The 754,942-acre Saline River watershed in far southeastern Illinois has gone from one of the most important historical and geographical features in the region to one of the most abused and under-appreciated watersheds in the entire state. Once a pristine river running through vast forested wetlands the Saline has been turned into an extensively channelized river system that carries pollutants from coal mines, agricultural fields, and even oil extraction.
So why, you might be asking yourself, would 21 people choose to float this seemingly undesirable river on an Illinois Chapter conservation outing? It all started in 2011 when we first heard about a proposed land exchange between the U.S. Forest Service (FS) and Peabody Coal Company. In the proposed exchange the Forest Service would trade a parcel of approximately 384 acres in size on the Saline River in Gallatin County for three tracts of Peabody land, which adjoin FS land in Pope and Jackson Counties. (See Stop the Swap–Go to Bat for the Bats for details.)
The reason Peabody wants the Gallatin County parcel is for the coal that lay underneath it. The reason we want to stop the swap is to preserve this beautiful site with its forested wetlands, huge cherrybark oak trees, and habitat for endangered Indiana and gray bats from being strip mined for coal.
After two visits last year we realized a unique and fun way to raise awareness of the situation was to take people to the site. And, since the site straddles both sides of the Saline River, what better way to see it than by canoe?
So, last Saturday, April 13th, twenty-one paddlers embarked on a canoe float down the final 10 miles of the Saline River. We put in not far from the salt springs that were an important source of salt for Native Americans and early settlers, and took out at the mouth of the Saline at the Ohio River.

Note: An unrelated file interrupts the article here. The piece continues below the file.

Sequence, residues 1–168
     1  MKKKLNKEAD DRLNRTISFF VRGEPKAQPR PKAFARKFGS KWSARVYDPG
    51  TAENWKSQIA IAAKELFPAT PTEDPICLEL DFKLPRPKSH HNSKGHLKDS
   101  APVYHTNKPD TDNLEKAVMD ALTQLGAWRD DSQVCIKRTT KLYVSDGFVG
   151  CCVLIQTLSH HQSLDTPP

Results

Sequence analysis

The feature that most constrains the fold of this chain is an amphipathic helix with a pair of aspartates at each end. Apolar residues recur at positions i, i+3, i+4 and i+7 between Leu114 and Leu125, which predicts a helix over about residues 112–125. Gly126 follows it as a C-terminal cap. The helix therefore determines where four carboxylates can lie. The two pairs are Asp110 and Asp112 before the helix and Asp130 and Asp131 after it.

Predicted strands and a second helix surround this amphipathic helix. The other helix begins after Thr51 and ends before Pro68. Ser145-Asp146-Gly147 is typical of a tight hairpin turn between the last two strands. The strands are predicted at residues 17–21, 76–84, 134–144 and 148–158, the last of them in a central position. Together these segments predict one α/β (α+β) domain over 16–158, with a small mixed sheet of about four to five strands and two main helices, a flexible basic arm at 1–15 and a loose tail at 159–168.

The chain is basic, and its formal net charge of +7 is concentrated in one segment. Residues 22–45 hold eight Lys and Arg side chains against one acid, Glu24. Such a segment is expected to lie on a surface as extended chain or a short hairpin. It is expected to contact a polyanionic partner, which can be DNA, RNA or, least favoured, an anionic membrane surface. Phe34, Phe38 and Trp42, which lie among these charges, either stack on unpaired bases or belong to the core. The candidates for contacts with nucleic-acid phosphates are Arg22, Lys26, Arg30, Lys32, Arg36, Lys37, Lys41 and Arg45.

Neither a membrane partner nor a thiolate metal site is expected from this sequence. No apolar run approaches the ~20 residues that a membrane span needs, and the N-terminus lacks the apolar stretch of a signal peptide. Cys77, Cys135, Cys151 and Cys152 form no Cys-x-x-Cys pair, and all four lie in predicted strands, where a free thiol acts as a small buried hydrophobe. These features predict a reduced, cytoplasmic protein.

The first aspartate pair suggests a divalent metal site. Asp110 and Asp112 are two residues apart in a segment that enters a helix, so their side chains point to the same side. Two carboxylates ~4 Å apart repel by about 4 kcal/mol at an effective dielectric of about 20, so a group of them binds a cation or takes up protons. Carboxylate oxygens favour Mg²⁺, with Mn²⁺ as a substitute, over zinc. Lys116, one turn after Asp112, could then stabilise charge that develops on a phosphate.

A couple miles into the trip we pulled out at the Forest Service parcel to explore on foot. It took a little finessing the muddy, slippery bank but everyone managed to reach dry ground without too much trouble. We took advantage of a large downed log to sit as we ate our lunch before scattering in different directions to explore the site. Although our time on land was limited everyone got to experience a bottomland forest with its large trees and pockets of standing water. We even got to see some wood ducks in one ponded area.
As the elevation rose above the floodplain we started seeing lots of spring wildflowers: bluebell, bloodroot, spring beauty, larkspur, trillium, Dutchman’s breeches, trout lily, Virginia waterleaf, blue phlox and wild ginger to name some, but probably not all.
With another 8 miles to go we hurried back to the canoes and by 2 pm were floating again. Although we did see a lot of agricultural land coming right up to the river’s edge, we also saw a lot of forested land, including another FS tract. During the remainder of the leisurely paddle everyone enjoyed the warmth of the spring sun and the sights and sounds of the wildlife life both in and out of the river. A large bald eagle nest was one of the first things we spotted, but it wasn’t until we neared the Ohio when we saw two adult bald eagles flying over. Wood ducks and belted kingfishers seemed to be around every bend. A barred owl that crossed the river right in front of us and landed in a nearby tree watched intently as we floated by. Migrant songbirds heard along the way included Louisiana waterthrush, blue gray gnatcatcher, northern parula and yellow-throated warbler. And, we got good looks at red-headed, red-bellied and pileated woodpeckers, great blue herons and a green heron. In addition to a few Asian carp jumping out of the water, several people saw a gar and a paddlefish.
The take-away from the outing was not only the importance of preserving this parcel of public land for the eco-system services it provides to people and critters, but moreover what a tragedy that the Saline has been written off as nothing more than an industrial ditch.
Rather than swap this parcel, perhaps the Forest Service should be partnering with other public agencies and private land trusts to embark on an epic project to restore of one of the most unique and important watersheds in the state.